Team Bush, if nothing else, quickly became the most tightly managed White House operation in recent memory. Internal dissent in the Carter and Reagan administrations regularly appeared in newspaper headlines, with warring leaks captivating Washington insiders. Those leaks, and the scuttlebutt they produced, undermined the Carter administration (even before it got started) and weakened the Reagan juggernaut.
Some of those battles spilled over into the first Bush administration. Bush 43 watched some of the disputes firsthand and helped resolve some of them as his father’s enforcer. His own resolve was that his administration would not suffer a plague of leaks and disloyalty. Some of his team members were champion “leakers” in the old days, but Bush clearly communicated an unmistakable message. They were part of his team. Once the president made a decision, he expected them to follow loyally, without public brawls or private backstabbing.
The administration did indeed show remarkable cohesion on even the most difficult issues. During the summer of 2002, the public debate among his aides about what to do about Iraq—and how to do it—threatened to unravel the administration’s loyalty and discipline. But the vigorous struggle, with stories planted in the newspapers by opposing camps, stopped immediately when Bush announced his policy before the United Nations. The remarkable fact was the dog that didn’t bark. Unlike most big decisions in previous administrations, there was none of the second-guessing, media tales of internal struggle and controversy, or deep background stories of continued debate. The internal debates occurred. The president decided. And his team fell in line.
The administration was not able to exact the same loyalty from those outside the inner circle. That was especially the case with Republican members of Congress, who enjoyed their own political base and didn’t always see eye-to-eye with the president’s strategy. The loss of Senator Jeffords from the Republican party showed how difficult managing these outside players could be—and the large risk that missteps could cause. The challenge of building loyalty among members of this larger team grew exponentially the further out the team was from Bush’s inner circle. Similarly, the president’s tools for leveraging the team diminished. Those problems sometimes frustrated Bush.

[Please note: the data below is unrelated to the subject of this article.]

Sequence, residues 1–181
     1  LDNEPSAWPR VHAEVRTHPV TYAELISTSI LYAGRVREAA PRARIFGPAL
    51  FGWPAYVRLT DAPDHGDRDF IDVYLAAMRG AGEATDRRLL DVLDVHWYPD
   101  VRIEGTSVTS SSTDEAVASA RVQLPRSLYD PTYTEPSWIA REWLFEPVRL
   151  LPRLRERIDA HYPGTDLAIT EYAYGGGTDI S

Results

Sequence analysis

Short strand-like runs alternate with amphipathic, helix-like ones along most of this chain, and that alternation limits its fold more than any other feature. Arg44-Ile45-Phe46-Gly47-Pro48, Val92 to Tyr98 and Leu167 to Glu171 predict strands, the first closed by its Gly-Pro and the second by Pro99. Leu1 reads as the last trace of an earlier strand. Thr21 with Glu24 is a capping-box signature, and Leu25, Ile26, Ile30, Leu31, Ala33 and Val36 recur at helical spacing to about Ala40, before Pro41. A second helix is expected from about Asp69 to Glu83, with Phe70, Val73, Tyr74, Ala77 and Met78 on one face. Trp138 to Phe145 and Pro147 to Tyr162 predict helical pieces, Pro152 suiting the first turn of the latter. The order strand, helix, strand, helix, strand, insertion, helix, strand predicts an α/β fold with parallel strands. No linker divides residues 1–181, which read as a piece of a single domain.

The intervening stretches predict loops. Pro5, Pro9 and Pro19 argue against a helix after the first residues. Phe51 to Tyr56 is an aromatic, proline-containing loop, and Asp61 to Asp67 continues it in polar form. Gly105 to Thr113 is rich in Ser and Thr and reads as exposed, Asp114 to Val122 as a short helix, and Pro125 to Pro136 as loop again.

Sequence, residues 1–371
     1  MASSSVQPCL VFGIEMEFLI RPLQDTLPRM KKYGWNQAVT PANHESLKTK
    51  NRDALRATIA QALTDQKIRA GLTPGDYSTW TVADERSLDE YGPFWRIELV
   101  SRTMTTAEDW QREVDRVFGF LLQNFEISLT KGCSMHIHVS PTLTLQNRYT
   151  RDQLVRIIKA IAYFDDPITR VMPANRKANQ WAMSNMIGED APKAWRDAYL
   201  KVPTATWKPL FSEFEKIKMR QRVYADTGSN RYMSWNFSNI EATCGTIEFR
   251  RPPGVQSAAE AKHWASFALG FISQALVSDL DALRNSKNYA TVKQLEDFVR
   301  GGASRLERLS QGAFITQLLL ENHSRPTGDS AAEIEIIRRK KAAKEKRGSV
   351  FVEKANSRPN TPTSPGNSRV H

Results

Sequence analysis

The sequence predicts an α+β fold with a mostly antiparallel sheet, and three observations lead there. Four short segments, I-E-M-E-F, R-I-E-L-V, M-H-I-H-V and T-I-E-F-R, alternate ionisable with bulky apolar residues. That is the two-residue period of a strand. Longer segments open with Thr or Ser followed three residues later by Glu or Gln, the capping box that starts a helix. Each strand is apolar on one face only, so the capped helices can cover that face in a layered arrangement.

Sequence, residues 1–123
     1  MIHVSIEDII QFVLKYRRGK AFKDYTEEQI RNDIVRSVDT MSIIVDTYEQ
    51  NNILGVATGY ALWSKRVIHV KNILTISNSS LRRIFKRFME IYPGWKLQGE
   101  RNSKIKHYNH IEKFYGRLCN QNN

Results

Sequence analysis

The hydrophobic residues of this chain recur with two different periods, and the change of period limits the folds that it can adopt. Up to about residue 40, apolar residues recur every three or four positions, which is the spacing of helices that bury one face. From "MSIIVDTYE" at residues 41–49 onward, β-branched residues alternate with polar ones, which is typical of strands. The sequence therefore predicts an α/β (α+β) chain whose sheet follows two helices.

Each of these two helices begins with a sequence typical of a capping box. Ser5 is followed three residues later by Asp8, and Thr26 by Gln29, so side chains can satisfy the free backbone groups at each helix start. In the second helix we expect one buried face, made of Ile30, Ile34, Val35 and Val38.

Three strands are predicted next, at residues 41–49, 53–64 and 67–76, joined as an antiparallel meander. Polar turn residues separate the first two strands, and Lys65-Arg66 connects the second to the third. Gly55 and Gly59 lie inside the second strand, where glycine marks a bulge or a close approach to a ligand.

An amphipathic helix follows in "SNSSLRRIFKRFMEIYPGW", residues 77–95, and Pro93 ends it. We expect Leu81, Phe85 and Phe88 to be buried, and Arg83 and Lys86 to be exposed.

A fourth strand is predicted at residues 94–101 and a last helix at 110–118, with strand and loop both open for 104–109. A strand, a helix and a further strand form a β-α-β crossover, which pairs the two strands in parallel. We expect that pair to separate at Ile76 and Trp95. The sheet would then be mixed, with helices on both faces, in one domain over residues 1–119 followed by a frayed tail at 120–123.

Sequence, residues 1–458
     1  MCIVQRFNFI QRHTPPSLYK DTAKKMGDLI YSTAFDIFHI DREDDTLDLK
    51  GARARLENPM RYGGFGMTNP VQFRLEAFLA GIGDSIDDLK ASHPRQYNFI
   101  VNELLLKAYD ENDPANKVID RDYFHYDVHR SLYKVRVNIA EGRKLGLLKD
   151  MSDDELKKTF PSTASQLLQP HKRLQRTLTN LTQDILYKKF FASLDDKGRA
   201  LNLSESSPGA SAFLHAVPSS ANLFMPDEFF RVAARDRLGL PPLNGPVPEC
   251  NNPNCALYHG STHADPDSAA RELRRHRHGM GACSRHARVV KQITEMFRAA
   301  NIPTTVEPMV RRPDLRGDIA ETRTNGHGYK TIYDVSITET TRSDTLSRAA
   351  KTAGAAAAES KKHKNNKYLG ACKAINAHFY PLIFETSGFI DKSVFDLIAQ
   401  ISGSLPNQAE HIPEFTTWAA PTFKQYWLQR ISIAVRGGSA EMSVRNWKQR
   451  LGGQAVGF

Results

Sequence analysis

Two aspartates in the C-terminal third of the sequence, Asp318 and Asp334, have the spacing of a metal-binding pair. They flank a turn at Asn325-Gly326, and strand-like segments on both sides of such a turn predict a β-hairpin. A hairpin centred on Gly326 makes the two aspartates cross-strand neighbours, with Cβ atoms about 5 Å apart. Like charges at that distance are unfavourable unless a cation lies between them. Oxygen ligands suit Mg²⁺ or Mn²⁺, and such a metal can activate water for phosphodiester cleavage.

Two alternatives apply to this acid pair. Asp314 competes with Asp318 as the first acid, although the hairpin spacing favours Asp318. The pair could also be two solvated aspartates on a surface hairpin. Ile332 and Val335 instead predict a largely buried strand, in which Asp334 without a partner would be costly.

In dealing with these problems, Bush 41’s style had been very different from Bush 43’s. Bush senior had served in both the House and Senate, and as president, he paid a great deal of attention to members of Congress. He’d spent years building relationships he would later rely on as president. He often made phone calls from the Oval Office to touch base with key members. He exercised in the House gym and often invited old pals to Camp David. And when his aides threatened to use hardball tactics to round up key votes, Bush 41 instructed his staff to back off.
In contrast, Bush 43 had no Capitol Hill experience and didn’t have personal relationships with members of Congress when he came to Washington. When Jeffords opposed the president’s tax cut plan, Bush did not call him to try to change his mind. He allowed his staff free rein in playing hardball behind the scenes. Some observers did not find that surprising—after all, Bush himself had sometimes played the role of enforcer in Bush 41’s administration.
Team Bush learned a critical lesson too late. To win, it’s important to win votes in Congress. That requires maintaining a solid and committed base of true believers. It requires being attentive to moderate swing votes (like Jeffords) and massaging them with the vast resources of perks and power at the White House’s disposal. It was a mistake that Team Bush did not make twice. In fact, Bush took a huge gamble in investing his personal prestige in helping Republican candidates in the 2002 midterm congressional campaign. The gamble paid off richly. Team Bush then worked to parlay that into legislative success—and a jump-start for the 2004 presidential campaign.